Cryogenic boost to graphene plasmonics cryo neaSCOPE+xs

Cryogenic boost to graphene plasmonics

Scientists use graphene plasmon polaritons to squeeze the energy of long-wavelength radiation at the nanoscale and access several quantum effects with wide application range from fundamental research to industry (e.g. lasing, topological protection or dipole-forbidden absorption). The common tool for investigating and optimizing such processes is s-SNOM, however room temperature studies on this sample-system show strong plasmonic dissipation and prevents us to achieve highly confined modes of long plasmonic lifetimes. This study uses s-SNOM at cryogenic temperatures to bypass those shortcomings and to unravel the fundamental limits of propagating plasmon polaritons in high-mobility encapsulated graphene. Already at 60 °K, the propagation length can exceed 50 plasmonic wavelengths, thus setting a record for highly confined and tunable polariton modes. In this regime, the propagation of plasmon polaritons is primarily restricted by the dielectric losses of the encapsulated layers, with a minor contribution from electron–phonon interactions.

Cryogenic s-SNOM controls the losses in heterostructure engineering applications.

This measurement was realized with the cryo-neaSCOPE+xs.

THz Polaritons Nanoimaging THz neaSCOPE+s

THz Polaritons Nanoimaging

Plasmon polaritons in metals, doped semiconductors and 2D materials have wide application potential for field-enhanced spectroscopies, sensing, imaging, and photodetection. Although polaritons have been observed by many IR s-SNOM studies, real-space imaging of propagating THz polaritons has been missing so far. This study brings the analytical power of s-SNOM to the THz spectral region. In this study, spectroscopic THz near-field images reveal polaritons with up to 12 times increased momenta as compared to photons of the same energy. From the images the authors determine and analyze the polariton dispersion, showing that the polaritons can be explained by the coupling of THz radiation to various combinations of Dirac and massive surface carriers, massive bulk carriers and optical phonons.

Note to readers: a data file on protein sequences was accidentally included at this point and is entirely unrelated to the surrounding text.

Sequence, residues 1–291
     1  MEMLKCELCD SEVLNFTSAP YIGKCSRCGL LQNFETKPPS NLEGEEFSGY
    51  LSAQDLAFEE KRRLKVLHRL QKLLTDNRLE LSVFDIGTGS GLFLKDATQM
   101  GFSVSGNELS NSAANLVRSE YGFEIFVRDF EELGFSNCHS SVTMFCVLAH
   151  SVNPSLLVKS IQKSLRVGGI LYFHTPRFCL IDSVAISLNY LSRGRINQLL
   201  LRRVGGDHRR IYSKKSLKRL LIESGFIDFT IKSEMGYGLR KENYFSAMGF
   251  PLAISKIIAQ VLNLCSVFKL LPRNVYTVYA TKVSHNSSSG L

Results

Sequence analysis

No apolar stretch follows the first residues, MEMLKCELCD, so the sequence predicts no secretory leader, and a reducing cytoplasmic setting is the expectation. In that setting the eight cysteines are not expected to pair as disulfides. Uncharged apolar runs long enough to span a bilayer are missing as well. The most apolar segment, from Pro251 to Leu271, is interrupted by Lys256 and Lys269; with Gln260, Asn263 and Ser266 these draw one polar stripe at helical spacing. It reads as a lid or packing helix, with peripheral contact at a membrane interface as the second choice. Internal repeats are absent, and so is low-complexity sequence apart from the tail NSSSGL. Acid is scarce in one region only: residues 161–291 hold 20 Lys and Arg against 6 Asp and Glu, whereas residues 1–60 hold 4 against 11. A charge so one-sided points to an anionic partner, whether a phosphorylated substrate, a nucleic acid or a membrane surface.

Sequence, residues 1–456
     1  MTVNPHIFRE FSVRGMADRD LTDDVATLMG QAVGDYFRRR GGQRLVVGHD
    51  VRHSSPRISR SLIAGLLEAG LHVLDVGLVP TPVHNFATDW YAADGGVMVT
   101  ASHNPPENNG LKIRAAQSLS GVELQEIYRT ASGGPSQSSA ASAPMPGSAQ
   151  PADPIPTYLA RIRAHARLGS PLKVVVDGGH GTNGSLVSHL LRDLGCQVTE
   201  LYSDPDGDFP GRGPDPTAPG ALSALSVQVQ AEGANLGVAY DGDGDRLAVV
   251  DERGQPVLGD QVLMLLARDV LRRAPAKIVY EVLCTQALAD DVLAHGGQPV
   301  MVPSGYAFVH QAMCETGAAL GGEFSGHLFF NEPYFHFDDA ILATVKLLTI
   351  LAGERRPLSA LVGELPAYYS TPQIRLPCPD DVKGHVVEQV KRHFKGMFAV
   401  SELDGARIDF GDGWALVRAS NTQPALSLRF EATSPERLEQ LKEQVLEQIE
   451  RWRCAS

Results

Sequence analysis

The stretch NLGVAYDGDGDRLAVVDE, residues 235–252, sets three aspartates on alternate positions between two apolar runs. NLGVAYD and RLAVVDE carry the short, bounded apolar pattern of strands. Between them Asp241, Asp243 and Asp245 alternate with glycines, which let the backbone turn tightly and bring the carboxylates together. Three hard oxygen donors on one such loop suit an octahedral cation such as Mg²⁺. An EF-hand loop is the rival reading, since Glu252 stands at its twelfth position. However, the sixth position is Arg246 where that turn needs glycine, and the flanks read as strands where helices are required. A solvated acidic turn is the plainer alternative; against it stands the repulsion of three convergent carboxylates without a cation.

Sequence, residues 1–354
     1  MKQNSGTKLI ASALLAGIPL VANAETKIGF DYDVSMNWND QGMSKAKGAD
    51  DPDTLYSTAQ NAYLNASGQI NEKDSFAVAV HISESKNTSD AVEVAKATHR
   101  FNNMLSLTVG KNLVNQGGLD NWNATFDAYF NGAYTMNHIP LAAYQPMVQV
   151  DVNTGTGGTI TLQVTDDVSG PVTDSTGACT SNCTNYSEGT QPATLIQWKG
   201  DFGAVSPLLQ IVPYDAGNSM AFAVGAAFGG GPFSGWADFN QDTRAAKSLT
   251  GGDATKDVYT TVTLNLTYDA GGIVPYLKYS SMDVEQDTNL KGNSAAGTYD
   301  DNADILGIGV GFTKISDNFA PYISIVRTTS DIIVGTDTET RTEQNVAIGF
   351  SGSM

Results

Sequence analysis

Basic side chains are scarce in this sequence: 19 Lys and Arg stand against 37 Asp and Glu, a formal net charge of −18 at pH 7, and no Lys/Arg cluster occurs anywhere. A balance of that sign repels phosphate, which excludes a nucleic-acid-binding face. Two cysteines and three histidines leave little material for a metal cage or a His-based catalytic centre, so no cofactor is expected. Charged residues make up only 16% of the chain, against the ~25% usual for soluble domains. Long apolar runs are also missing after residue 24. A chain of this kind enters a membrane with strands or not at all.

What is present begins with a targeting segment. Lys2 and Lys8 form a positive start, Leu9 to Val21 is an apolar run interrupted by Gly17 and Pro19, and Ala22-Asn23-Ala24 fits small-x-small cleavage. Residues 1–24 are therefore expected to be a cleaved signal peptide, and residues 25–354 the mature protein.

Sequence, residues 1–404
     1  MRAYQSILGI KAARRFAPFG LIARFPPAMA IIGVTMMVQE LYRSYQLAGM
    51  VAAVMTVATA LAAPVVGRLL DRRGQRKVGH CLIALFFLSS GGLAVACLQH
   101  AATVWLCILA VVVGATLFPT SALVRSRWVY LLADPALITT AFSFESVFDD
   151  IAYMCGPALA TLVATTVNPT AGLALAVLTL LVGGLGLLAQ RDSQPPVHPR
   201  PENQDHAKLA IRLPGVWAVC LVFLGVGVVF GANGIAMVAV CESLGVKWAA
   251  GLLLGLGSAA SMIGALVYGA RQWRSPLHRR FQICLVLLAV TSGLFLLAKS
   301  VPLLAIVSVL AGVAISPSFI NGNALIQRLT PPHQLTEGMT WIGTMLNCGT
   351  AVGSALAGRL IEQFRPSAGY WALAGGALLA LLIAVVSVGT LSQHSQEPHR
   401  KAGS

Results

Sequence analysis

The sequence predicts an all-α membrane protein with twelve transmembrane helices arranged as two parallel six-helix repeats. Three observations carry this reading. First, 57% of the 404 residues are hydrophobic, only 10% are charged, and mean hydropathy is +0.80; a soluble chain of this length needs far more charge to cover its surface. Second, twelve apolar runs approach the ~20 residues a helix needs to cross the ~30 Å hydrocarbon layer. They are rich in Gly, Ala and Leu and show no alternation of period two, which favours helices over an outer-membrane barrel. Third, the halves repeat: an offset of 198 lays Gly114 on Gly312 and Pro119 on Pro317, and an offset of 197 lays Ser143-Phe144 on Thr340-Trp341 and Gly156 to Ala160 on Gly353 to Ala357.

THz s-SNOM provides critical insights into the nature of THz polaritons in topological insulators and establishes instrumentation and methodology for imaging of THz polaritons.

This measurement was realized with the THz-neaSCOPE+s.

Plasmon in Suspended Graphene IR neaSCOPE+s

Plasmon in Suspended Graphene

Plasmons in 2D graphene have been invariably studied in supported samples so far. The substrate provides stability for graphene but often causes undesired interactions (such as dielectric losses, phonon hybridization, and impurity scattering) that compromise the quality and limit the intrinsic flexibility of graphene plasmons. This s-SNOM study demonstrate the visualization of plasmons in suspended graphene and introduces the graphene suspension height as an effective plasmonic tuning knob that enables in situ change of the dielectric environment and substantially modulates the plasmon wavelength, propagation length, and group velocity. Such active control of micrometer plasmon propagation facilitates near-unity-order modulation of nanoscale energy flow that serves as a plasmonic switch with an on-off ratio above 14.

The suspended graphene plasmons possess long propagation length, high tunability, and controllable energy transmission simultaneously, opening up broad horizons for application in nano-photonic devices.

This measurement was realized with the IR-neaSCOPE+s.

Excitations in Twisted Bilayer Graphene cryo neaSCOPE+xs

Excitations in Twisted Bilayer Graphene

Twisted bilayer graphene (TBG) can exhibit vastly different properties than those of single layers of graphene, especially when the two layers are rotated relative to each other by a small angle of approximately 1 degree. Investigating and probing these properties could be highly valuable, as it could ultimately enhance the current understanding of superconductivity and facilitate its use for the development of new devices. In this study s-SNOM investigation of TBG allows the spatial probing of interaction effects at the nanoscale and potentially elucidates the contribution of collective excitations to many-body ground states.

"As twisted graphene structures form a class of materials hosting many fascinating phenomena, we basically just have started the journey," says Prof. Koppens, the leader of the study. "We now aim to access the correlated states at cryogenic temperatures.

cryo s-SNOM technology sensitivity to the electronic properties of TBG could potentially point at the physical mechanisms of the superconducting and magnetic phenomena.

This measurement was realized with the cryo-neaSCOPE+xs.